Returning home as world champions, the Grads gained new sponsors and financial support in Canada. Page secured the Edmonton Arena as a permanent home venue for the team.[14] Although the Grads were hopeful of returning to Europe for the Women's World Games of 1926, basketball was not included at that year's event, and the Grads remained in North America to compete against Canadian and American teams.[16]

Over the next two years, the Grads advocated for the inclusion of basketball — both men's and women's — as a sport at the 1928 Summer Olympics. Despite support from the Canadian Olympic Committee, this request was denied by the International Olympic Committee, and basketball did not receive a place on the program. However, the Fédération Sportive Féminine Internationale had organized a European women's basketball tour in cooperation with the Olympics, and the federation invited the Grads to travel to Amsterdam, Netherlands, to defend their world title.[17] After winning the Canadian women's championship of 1928, the Grads arrived in Europe and played nine matches. They won every match, beating most teams by 60 or 70 points, and the Grads finished their tour by defeating the French champions by 46–14.[18]

In addition to dominating their sport in North America, the Grads also took on the best teams in Europe, ultimately defeating challengers in Paris, London, Amsterdam, and Berlin.[19] The Grads swept four consecutive Olympic Games from 1924 to 1936, winning all 24 Olympic matches they played. This achievement was unrecognized on the medal podium, however, as women's basketball did not become an official Olympic sport until the 1976 summer games in Montreal.[7]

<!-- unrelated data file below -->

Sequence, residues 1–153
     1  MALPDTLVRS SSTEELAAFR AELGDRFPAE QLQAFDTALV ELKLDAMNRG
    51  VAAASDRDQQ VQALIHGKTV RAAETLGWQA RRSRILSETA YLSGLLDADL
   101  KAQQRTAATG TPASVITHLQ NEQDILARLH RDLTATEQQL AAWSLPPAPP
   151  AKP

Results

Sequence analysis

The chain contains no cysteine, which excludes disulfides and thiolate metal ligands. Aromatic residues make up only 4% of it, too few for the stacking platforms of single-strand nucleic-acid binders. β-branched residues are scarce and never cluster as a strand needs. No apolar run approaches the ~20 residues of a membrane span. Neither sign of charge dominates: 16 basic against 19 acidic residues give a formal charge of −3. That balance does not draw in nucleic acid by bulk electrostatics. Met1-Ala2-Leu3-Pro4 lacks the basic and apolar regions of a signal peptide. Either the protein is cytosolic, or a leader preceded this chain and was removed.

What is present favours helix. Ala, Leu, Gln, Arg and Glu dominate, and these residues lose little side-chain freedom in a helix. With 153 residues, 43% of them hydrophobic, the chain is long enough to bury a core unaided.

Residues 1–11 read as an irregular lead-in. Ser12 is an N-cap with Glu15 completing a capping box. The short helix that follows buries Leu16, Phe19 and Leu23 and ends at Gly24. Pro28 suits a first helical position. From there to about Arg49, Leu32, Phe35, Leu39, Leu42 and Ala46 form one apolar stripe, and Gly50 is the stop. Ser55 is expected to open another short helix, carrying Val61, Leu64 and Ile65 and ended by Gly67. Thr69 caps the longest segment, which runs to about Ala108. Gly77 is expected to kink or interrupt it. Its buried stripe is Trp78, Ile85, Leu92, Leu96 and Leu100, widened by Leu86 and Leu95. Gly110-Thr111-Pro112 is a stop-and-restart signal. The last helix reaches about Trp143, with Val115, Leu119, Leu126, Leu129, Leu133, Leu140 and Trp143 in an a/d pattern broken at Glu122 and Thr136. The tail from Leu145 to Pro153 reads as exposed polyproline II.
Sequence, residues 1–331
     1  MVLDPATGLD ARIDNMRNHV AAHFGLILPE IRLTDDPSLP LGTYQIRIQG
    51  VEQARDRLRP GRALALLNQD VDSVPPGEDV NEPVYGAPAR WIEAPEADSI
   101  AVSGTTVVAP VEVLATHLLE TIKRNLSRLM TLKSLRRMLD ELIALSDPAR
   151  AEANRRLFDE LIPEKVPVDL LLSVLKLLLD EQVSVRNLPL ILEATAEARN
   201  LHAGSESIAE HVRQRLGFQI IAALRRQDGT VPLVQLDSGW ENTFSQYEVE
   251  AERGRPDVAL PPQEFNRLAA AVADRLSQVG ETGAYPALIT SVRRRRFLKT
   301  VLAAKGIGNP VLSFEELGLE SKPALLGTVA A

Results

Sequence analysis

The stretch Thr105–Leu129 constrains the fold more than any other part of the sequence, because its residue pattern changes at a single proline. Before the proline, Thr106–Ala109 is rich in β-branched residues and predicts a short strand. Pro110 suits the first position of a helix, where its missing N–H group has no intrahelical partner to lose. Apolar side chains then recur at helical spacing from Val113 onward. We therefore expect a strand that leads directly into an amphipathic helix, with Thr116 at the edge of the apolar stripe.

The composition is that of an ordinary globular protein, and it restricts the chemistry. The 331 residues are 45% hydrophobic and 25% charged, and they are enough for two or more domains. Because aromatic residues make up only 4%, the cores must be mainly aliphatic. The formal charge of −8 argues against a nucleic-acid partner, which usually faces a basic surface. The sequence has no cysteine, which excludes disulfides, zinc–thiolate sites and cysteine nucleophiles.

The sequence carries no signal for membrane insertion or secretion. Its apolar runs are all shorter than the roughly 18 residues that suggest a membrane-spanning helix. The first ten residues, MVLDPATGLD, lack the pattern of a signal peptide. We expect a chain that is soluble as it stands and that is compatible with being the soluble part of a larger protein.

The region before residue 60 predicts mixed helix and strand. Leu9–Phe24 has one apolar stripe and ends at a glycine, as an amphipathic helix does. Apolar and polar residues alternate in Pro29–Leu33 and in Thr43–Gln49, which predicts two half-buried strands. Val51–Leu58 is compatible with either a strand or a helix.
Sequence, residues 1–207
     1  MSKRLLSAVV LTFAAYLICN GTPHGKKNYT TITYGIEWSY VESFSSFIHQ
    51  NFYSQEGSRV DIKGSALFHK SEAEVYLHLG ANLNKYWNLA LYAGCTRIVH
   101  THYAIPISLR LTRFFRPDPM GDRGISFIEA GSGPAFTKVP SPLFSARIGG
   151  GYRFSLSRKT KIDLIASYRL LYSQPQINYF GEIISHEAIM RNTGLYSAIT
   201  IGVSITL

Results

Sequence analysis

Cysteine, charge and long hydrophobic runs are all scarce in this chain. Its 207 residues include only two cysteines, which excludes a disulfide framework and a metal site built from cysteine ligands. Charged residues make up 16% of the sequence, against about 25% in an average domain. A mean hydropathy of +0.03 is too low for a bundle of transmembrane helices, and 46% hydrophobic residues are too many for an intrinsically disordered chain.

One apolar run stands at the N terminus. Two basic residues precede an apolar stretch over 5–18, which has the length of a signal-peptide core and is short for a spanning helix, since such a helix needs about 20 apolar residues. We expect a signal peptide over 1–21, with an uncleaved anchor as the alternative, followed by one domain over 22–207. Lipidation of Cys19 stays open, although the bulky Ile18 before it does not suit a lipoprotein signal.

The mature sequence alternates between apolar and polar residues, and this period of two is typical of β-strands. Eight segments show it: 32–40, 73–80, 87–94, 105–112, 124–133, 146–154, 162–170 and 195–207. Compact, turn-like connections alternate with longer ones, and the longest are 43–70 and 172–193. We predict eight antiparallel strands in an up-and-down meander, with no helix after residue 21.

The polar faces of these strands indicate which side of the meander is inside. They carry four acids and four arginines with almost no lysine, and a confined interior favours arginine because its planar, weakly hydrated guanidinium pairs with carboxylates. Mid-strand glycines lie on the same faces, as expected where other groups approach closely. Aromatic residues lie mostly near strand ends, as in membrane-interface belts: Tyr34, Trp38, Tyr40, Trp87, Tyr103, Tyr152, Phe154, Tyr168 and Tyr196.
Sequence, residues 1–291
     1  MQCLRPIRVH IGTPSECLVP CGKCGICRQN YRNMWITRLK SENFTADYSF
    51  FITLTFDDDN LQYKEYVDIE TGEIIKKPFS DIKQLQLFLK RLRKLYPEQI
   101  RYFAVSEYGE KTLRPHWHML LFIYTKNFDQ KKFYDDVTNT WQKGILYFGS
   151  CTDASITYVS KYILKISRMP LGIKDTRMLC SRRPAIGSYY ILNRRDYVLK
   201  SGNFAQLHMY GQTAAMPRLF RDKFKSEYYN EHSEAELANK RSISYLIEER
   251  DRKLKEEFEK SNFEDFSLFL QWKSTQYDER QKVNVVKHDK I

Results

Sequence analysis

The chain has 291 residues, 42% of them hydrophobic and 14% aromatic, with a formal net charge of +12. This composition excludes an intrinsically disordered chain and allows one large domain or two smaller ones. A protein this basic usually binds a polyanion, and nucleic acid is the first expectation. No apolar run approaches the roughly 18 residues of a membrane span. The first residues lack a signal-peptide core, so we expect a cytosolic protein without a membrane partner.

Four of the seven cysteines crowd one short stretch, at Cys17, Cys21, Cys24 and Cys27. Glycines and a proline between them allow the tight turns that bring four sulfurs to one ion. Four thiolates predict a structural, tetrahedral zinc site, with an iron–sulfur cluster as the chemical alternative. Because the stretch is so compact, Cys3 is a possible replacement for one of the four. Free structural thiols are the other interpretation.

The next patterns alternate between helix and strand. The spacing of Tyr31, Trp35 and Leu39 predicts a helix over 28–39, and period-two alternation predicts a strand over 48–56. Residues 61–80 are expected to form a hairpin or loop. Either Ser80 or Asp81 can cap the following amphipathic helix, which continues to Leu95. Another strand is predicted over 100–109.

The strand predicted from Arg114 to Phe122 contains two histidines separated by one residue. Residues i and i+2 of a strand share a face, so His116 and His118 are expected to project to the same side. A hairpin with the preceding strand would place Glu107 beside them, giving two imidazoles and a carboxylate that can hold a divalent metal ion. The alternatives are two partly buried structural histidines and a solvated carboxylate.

In 1940, the Royal Canadian Air Force took over the Edmonton Arena for wartime use,[20] depriving the Grads of a local space in which to play against international teams. The commencement of World War II disrupted regular basketball competition throughout Europe and beyond, causing the cancellation of tournaments and championships and making it increasingly difficult for sports teams to travel. [21] Additionally, despite Page's continuous efforts to find suitable competition over the years,[22] no team had ever proven themselves consistently good enough to be a clear rival for the Grads. The Grads' dominance in basketball no longer attracted the same attention it had before, and regular game attendance had been shrinking.[23]

In May 1940, the Grads won their last Canadian championship before disbanding.[24] Dr. James Naismith, the inventor of basketball, called the Grads the "finest basketball team that ever stepped out on a floor."[25]

Some Grads players went on to join other Canadian basketball teams, such as the Comets and the Hedlunds.[7] The Grads continued to stay in touch with each other after disbandment, meeting for reunions every four years.[13] In 1961, the Grads decided to form an official organization to help them stay connected and answer public inquiries about the team. They established the Edmonton Grads Club, beginning to collect and preserve archive material and memorabilia, and the group continued to hold official reunions until 1987.[26]

On July 23, 2018, the last surviving member of the Grads, Kay MacBeth, died at the age of 96.[27]

Head coach[edit]

Page encouraged his players to "play basketball, think basketball, and dream basketball."[6] He put firm emphasis on the moral behavior of his team, insisting that the Grads strive for a clean game at all times. During road trips, Page enforced a curfew, and players were discouraged from drinking or smoking. He was described by his players as "a nice man and a wonderful gentleman".[6]

After the team disbanded in 1940, Page was subsequently elected to the Alberta legislature, where he served as a politician until 1959.[7] In late 1959, at the age of 72, Page became lieutenant-governor of Alberta. He held the position until 1966. Page died in 1973, due to complications of pneumonia.[28]


Official records have traditionally stated that the Grads played a total of 522 official games between 1915 and 1940, with 502 wins and 20 losses. This gives the team an overall win-loss percentage of 96.2%.[7][29][2][13]